Socrates is one of the most common and celebrated names in philosophy circles, and his material is often covered in any philosophy 101 course. What made his ideas so special?
The height of Socratic wisdom is something many may argue was not wisdom at all – devoid of philosophical value. Despite all of Socrates’ reason and original thinking, his contention that the only certainty he could obtain is that he could not be certain of anything challenged the value of his philosophy. How is this useful thinking? Some may contest that the idea finds no application in our world today. They may suggest that this apparent lack of knowledge is no wisdom at all.
The Greek roots of the word “philosophy” summarize it in its entirety. The Greek translation is “love of wisdom.” This leads us to explore the wisdom itself. Wisdom might be summarized as the optimization of knowledge itself. If Socrates was so wise, so aware, then why resort to such humility?
Life should be a very humbling journey. Just as wisdom, it is not a destination. Socrates dedicated his life to the vigorous pursuit of obtaining a deeper realization in relation to the world around him and his self. He developed many ideas and synthesized bytes of information into industrious tunes of understanding. Yet, he remained humble in his findings. Certainty, or, truth, is the holy grail of the philosopher. I would compare absolute certainty to knowing the mind and form of what we commonly refer to as “god.”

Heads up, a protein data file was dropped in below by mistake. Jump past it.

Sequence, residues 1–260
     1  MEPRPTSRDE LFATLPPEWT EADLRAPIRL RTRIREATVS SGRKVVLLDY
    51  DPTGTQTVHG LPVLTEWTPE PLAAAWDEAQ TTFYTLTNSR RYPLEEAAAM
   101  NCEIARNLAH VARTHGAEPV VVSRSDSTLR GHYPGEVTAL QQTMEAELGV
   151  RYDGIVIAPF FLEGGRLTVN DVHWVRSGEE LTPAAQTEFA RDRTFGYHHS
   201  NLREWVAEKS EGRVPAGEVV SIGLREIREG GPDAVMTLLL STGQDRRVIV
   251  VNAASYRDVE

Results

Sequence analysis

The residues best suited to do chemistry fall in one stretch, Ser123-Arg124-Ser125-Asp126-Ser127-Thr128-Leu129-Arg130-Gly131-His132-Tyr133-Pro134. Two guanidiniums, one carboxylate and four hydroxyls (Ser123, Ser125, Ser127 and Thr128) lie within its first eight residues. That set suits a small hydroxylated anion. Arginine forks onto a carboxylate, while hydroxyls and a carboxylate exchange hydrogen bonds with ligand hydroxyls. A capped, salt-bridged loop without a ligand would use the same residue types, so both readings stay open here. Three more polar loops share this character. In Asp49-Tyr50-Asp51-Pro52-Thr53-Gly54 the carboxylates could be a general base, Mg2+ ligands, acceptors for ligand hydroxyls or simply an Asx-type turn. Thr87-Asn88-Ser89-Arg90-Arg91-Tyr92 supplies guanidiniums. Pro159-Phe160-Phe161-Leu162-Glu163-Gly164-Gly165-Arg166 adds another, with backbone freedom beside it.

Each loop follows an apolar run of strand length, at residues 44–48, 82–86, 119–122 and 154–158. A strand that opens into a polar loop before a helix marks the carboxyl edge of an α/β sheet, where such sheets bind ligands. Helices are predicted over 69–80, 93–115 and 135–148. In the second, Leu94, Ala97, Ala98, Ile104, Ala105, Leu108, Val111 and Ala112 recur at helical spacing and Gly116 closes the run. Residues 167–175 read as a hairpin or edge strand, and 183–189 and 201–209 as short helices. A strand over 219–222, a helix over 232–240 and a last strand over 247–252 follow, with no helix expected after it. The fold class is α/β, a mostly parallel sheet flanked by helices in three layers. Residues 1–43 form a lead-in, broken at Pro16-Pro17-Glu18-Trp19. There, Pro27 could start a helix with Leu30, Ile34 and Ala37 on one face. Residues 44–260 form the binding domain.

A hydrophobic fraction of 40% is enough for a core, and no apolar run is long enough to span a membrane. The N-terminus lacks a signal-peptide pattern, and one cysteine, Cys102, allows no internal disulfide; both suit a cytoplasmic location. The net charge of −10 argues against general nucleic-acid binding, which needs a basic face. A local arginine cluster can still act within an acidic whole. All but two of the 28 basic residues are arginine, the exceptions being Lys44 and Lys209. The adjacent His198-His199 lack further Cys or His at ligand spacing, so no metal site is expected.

This humbling conclusion is the very reason people continue to seek answers, knowledge, and truth today. Everything is not known, and this fact compromises everything that can be known. Philosophers that arrived on the scene after Socrates demise have been expanding on Socratic wisdom by drawing up schematics for human understanding. Immanuel Kant, pioneered metaphysics by attempting to define what he termed “noumenal” reality. Though Kant’s hopes were misguided, they still caused him to drive out new and fascinating conceptual identities that continue to broaden the contemplation of the modern thinker.
“Noumena” defines phenomena in the sense that it is the root of perception as it exists, and is extended from, within the individual. Kant went so far as to argue that noumena creates phenomena. In this sense, the observer (or, subject) would be the measure of all things. You may ask yourself at this point – if reality is purely subjective, would it be important to think about it? I would argue, yes in all cases. I would also argue that Socrates and Kant make a powerful duo when they are both considered right. Subjectively, we are the measure of all things, but wisdom lights the path upon realizing the limits of our measure.